This course is designed for those students who wish to learn Tagalog and to acquire a reading and speaking knowledge of it and for those students who wish to learn about Tagalog structure from a linguistic viewpoint. The first kind of student is a specialist who wishes to learn Tagalog as a tool for conducting research in Philippine history, anthropology, political science, or linguistics, or in Austronesian linguistics or education in Southeast Asia. The second type of student is the linguist who wishes to gain or add comparative knowledge of a different linguistic system. Linguistics 307 begins a two-term sequence which emphasizes against a background of Philippine culture Tagalog pronunciation, word formation processes, and basic sentence structure. By the end of the first year, students should have acquired a competence in spoken Tagalog and should be ready for intermediate level reading. Language laboratory tapes are assigned, and there are question and answer sessions in class. Once a week a class session is devoted to a lecture/discussion of Tagalog structure. There are frequent short quizzes, a midterm, and a final examination, part of which is oral. For those students whose primary interest is linguistics, a paper takes the place of the final examination. Tentative course texts and materials include J. Donald Bowen, editor, Beginning Tagalog; Schachter and Otanes, Tagalog Reference Grammar; language laboratory tapes prepared by UCLA and/or the instructor; and a Tagalog-English dictionary. A list of supplementary reading is given at the beginning of the term. (Naylor)

322 Intermediate Ojibwa. (3). (FL).

This course is designed to improve the basic conversational skills of the student who knows some Ojibwa. The emphasis in class is on increasing the range of situations in which the student can use Ojibwa in real life. Some emphasis is placed on teaching the students to be able to learn more Ojibwa outside of the classroom, by talking and using the language with native speakers. Linguistics 223 is a prerequisite, or some speaking knowledge of Ojibwa, Ottawa, or Chippewa. (Rhodes)

331/German 301. Elementary Yiddish. (3). (FL).

See German 301. (Norich)

401 Intermediate Thai. Ling. 302. (3). (FL).

This course is the first half of the sequential Intermediate Thai courses. It is designed to increase students' speaking, listening, reading, and writing abilities, as well as vocabulary expansion. Students practice pronunciation and conversation as well as read and write short paragraphs. Four hours of language lab per week are recommended. Evaluations are based on observations of students' progress, midterm, and final.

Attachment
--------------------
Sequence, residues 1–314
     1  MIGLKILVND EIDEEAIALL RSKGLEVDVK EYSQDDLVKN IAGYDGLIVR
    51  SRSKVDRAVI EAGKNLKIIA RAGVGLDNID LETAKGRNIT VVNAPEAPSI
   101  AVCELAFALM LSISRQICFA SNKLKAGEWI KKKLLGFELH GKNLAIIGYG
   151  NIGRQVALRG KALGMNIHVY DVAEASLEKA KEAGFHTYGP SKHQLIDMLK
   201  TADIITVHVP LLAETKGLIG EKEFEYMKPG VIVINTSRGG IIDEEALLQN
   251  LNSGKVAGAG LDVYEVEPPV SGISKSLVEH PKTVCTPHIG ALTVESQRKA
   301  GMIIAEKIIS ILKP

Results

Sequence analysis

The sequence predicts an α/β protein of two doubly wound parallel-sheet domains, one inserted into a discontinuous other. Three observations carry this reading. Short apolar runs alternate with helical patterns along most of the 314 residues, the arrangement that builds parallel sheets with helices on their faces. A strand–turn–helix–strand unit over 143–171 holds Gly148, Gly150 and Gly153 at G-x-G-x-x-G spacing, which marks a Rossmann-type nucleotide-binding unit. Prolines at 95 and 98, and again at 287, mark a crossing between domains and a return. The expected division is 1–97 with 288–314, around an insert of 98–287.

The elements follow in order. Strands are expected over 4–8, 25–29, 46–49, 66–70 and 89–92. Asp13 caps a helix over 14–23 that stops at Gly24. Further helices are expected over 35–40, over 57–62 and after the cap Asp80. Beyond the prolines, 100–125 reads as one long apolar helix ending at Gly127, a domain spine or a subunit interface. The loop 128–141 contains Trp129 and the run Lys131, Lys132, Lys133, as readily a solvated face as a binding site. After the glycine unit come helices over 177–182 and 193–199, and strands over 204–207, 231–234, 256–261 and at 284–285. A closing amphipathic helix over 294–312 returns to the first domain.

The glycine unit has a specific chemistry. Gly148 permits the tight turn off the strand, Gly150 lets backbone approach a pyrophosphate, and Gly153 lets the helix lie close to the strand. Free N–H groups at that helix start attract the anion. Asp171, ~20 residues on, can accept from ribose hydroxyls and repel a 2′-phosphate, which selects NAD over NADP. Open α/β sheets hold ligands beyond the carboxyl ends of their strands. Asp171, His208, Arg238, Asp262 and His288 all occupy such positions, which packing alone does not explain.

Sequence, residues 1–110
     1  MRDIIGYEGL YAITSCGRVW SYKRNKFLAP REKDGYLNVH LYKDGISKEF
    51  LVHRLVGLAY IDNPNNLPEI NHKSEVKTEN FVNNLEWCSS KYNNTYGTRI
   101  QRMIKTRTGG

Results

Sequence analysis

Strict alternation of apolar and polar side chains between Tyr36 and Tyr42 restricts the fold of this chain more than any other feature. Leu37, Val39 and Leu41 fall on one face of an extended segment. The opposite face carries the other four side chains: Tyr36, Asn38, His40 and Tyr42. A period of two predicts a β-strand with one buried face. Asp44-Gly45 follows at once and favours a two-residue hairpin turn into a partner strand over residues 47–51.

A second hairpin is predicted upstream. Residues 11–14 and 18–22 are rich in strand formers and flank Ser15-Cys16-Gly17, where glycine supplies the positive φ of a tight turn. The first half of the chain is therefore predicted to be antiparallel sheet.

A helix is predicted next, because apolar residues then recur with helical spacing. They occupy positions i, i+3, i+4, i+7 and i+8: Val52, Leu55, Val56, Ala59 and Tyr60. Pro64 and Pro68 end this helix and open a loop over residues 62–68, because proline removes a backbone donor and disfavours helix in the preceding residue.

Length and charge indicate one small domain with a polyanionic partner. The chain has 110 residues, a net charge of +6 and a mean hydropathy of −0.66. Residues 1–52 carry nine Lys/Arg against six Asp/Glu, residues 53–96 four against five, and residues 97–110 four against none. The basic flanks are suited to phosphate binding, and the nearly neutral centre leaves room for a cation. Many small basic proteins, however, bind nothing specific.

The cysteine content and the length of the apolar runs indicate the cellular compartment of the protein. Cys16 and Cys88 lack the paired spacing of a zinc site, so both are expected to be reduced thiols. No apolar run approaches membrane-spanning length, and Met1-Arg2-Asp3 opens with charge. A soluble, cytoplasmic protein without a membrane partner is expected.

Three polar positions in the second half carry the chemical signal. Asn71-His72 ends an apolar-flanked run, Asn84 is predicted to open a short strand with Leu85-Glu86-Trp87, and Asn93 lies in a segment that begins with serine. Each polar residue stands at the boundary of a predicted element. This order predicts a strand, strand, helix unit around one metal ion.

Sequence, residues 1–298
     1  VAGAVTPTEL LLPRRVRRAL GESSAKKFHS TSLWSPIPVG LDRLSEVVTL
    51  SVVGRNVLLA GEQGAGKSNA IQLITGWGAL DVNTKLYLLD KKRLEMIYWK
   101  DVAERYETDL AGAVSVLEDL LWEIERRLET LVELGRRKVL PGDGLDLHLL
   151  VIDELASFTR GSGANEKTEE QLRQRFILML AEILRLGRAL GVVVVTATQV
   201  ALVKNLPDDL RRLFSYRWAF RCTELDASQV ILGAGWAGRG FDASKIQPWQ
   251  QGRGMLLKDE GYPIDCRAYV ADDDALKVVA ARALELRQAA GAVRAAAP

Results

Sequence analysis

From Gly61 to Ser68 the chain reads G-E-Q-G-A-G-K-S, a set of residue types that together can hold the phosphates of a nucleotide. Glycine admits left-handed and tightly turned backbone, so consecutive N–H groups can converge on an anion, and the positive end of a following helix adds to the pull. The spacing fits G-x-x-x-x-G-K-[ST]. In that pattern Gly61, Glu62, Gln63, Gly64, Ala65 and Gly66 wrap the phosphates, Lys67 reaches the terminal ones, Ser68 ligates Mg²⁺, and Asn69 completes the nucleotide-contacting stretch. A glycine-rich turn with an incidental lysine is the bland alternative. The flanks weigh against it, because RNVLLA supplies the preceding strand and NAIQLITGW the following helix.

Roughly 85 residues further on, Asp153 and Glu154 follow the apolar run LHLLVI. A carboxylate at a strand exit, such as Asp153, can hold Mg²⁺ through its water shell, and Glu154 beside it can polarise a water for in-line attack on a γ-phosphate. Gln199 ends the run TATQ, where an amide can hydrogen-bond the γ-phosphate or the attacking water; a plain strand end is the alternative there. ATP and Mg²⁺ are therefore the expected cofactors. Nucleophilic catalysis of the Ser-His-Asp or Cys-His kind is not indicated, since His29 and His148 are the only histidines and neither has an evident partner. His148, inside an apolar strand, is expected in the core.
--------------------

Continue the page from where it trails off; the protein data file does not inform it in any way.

422 Advanced Ojibwa. Ling. 322 and 323, or permission of instructor. (3). (Excl).

This course is aimed at giving students with conversational ability in Ojibwa the opportunity to both improve their speaking and listening skills and to introduce them to Ojibwa literature, and the various dialects represented in the literature. Students will work with the original, unedited texts, as well as with edited, retranscribed materials, and thus learn about the problems of working in a language without a standard writing system that is widely accepted. The course prerequisite is Linguistics 323, or a conversational knowledge of Ojibwa, Ottawa, or Chippewa. (Rhodes)

433 Intermediate Tagalog. Ling. 314 or permission of instructor. (3). (FL).

This course is designed for the student who has some knowledge of Tagalog and who wishes to develop some fluency in spoken Tagalog and to be acquainted with Tagalog literature. It is part of a two-term sequence which is essentially a continuation of what has been learned in the first year but there will be more emphasis on reading and writing. Students who have not taken Linguistics 307 and 308 must pass an evaluation test to be given by the instructor. The format of the course will be as follows: readings will be assigned and these will provide the framework for the discussion of grammatical points and question and answer sessions in Tagalog on the content. There will be written assignments, a midterm, and a final examination part of which will be oral. By the end of the second year, students should have acquired sufficient competence to handle longer conversations, write brief letters, read certain plays, newspapers, magazines, etc. Course texts are: Intermediate Readings in Tagalog, ed. by Bowen; Tagalog Reference Grammar by Schacter and Otanes; and a Tagalog-English Dictionary. Supplementary readings will be assigned during the term. (Naylor)

501 Advanced Thai. Ling. 402. (3). (FL).

This course is the first half of the two sequential Advanced Thai courses. The course is designed to improve students' proficiency in speaking, reading, writing, and comprehension of the Thai language. The course is flexible and tailored to suit students' needs and interests.